Jump to content
  • Welcome to the eG Forums, a service of the eGullet Society for Culinary Arts & Letters. The Society is a 501(c)3 not-for-profit organization dedicated to the advancement of the culinary arts. These advertising-free forums are provided free of charge through donations from Society members. Anyone may read the forums, but to post you must create an account.

Sign in to follow this  
Sobaicecream

Miso in desserts

Recommended Posts

The first (and only) time I ate miso in something sweet was when I tried miso manju--which is sort of a small, steamed cake with red bean paste filling. The miso used was the dark red kind, so the flavor and fragrance were quite pronouned. It was delicious.

I just made a fairly basic cake with red miso, and I can't decide what to think. On the one hand, I'm pleased that the miso shines through (which is one reason I didn't choose the milder white miso). On the other, I think it smells a bit too strong, almost cheeselike (I'm still playing around with how much miso to use).

I also haven't eaten such an unadorned cake in such a long time, I almost longed for something to complement the miso, like some nuts or fruit. So then, as an experiment :rolleyes:, I cut little slices, and topped one with a dried cranberry, one with a chocolate chip, and slathered one slice with a dribble of honey. Each tasted good, but I wasn't sure that these additions didn't overly cloak the miso.

I want it to be clear, when one takes a bite, that this is a miso cake, not a cranberry, chocolate chip, or honey cake.

Alone, however, I think the miso cake is a bit too stark. Are there perhaps more subtle flavors that might add *something* to the cake without taking the spotlight away? (I'm considering chestnuts.)

Has anyone else tried using miso in desserts and come to any enlightening conclusions?

Share this post


Link to post
Share on other sites

Well, the traditional accompiament to miso is daikon. Perhaps some of the sweet, tender root of the daikon as a base to the cake?

Share this post


Link to post
Share on other sites

I have to admit the idea of miso in a cake sounds odd to me, but I was also opposed to the idea of olive oil in a cake, until I tried it! :biggrin:

I recently picked up a dessert book (in Japanese) and there are a couple recipes with miso, walnuts seem to be the most common addition but one is with sweet potatoes (the Japanese satsumaimo) that looks good as well.

One of the recipes is for a miso walnut brownie and the ingredients include:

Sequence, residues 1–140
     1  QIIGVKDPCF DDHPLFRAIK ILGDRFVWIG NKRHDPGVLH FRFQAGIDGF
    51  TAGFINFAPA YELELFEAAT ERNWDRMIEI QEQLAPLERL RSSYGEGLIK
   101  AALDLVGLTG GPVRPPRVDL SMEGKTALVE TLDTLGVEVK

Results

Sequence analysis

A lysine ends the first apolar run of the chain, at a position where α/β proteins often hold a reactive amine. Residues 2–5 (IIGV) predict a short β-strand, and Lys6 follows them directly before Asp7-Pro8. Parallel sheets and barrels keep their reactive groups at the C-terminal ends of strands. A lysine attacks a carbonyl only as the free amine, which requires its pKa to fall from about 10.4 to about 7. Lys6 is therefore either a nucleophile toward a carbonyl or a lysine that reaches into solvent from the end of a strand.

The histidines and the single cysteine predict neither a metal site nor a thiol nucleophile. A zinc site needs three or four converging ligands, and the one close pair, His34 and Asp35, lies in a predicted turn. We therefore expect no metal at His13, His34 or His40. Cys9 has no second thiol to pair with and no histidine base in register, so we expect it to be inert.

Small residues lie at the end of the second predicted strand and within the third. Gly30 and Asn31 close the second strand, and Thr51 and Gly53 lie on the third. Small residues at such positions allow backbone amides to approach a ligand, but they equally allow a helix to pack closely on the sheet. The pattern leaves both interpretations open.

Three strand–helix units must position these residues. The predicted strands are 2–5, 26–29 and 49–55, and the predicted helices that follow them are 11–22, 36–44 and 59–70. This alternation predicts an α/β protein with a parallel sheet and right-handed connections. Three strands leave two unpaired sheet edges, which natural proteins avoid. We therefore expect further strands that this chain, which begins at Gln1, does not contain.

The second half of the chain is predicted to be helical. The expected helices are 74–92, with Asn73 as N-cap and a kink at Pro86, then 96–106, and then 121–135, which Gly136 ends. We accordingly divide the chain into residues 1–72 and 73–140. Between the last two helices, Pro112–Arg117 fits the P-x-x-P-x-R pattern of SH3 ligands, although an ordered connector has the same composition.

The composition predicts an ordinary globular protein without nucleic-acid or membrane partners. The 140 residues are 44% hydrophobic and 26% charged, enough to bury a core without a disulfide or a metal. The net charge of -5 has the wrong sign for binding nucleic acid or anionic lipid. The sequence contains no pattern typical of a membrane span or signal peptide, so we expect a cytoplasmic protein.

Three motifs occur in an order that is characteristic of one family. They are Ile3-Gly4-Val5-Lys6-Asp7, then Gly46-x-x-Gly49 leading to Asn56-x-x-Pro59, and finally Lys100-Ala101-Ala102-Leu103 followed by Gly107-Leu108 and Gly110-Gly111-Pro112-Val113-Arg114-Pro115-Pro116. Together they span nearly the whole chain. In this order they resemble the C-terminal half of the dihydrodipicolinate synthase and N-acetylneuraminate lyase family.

kurozato (Japanese raw "black" sugar) 100g

water 2 T

red miso 20g

eggs 2

flour 100g

baking powder 1t

butter 40g

walnuts 20g

there is also a recipe for a miso mushipan (steamed cake) that includes the addition of black beans


Edited by torakris (log)

Share this post


Link to post
Share on other sites

this wont help at all. it's directly from my imagination- miso with lemon zest and honey? mmmmmmisoooo cake. :biggrin:

Share this post


Link to post
Share on other sites

I can't be of much help as I'm not much of a cake maker.

I did some google searches and found some recipes, but IN JAPANESE.

Simple one:

http://www.misoya.com/recipe/menu/misocake.html

This one uses walnuts:

http://www.geocities.jp/aguri_box/cooking/hiroko_1.html

Miso castella (sp?)

http://www.aichi-iic.or.jp/co/otaya-jouzou/cook/ck0003.html

(First recipe)

I also found an all-purpose miso sauce using haccho miso

http://www.tokai-tv.com/p-can/today/040115...1/05/index.html

If any of the recipes interests you, then I can help you with the translation. :biggrin:

Share this post


Link to post
Share on other sites
I recently picked up a dessert book (in Japanese) and there are a couple recipes with miso, walnuts seem to be the most common addition but one is with sweet potatoes (the Japanese satsumaimo) that looks good as well.

Any chance that you could post the recipe for the one with sweet potato?

Share this post


Link to post
Share on other sites
I recently picked up a dessert book (in Japanese) and there are a couple recipes with miso, walnuts seem to be the most common addition but one is with sweet potatoes (the Japanese satsumaimo) that looks good as well.

Any chance that you could post the recipe for the one with sweet potato?

this recipe wasn't a cake, it is sort of like a sweet twice baked potato. The milder flavor of the Japnese satsumaimo will probably work better than the typical American orange fleshed one.

Basically you bake the potato, cut it in half lengthwise and scoop out the flesh. Then mix the hot flesh with butter, egg yolk, condensed milk, miso and salt then add it to a saucepan with a bit of warm milk mixing it until it becomes smooth and most of the water has evaporated. Place it is back into the skin, brush the tops with an egg yolk-water mixture and place under the broiler.

This type of sweet potato treat is quite common in Japan, I have never seen it with miso before though, usually it is made with butter, cream and sugar.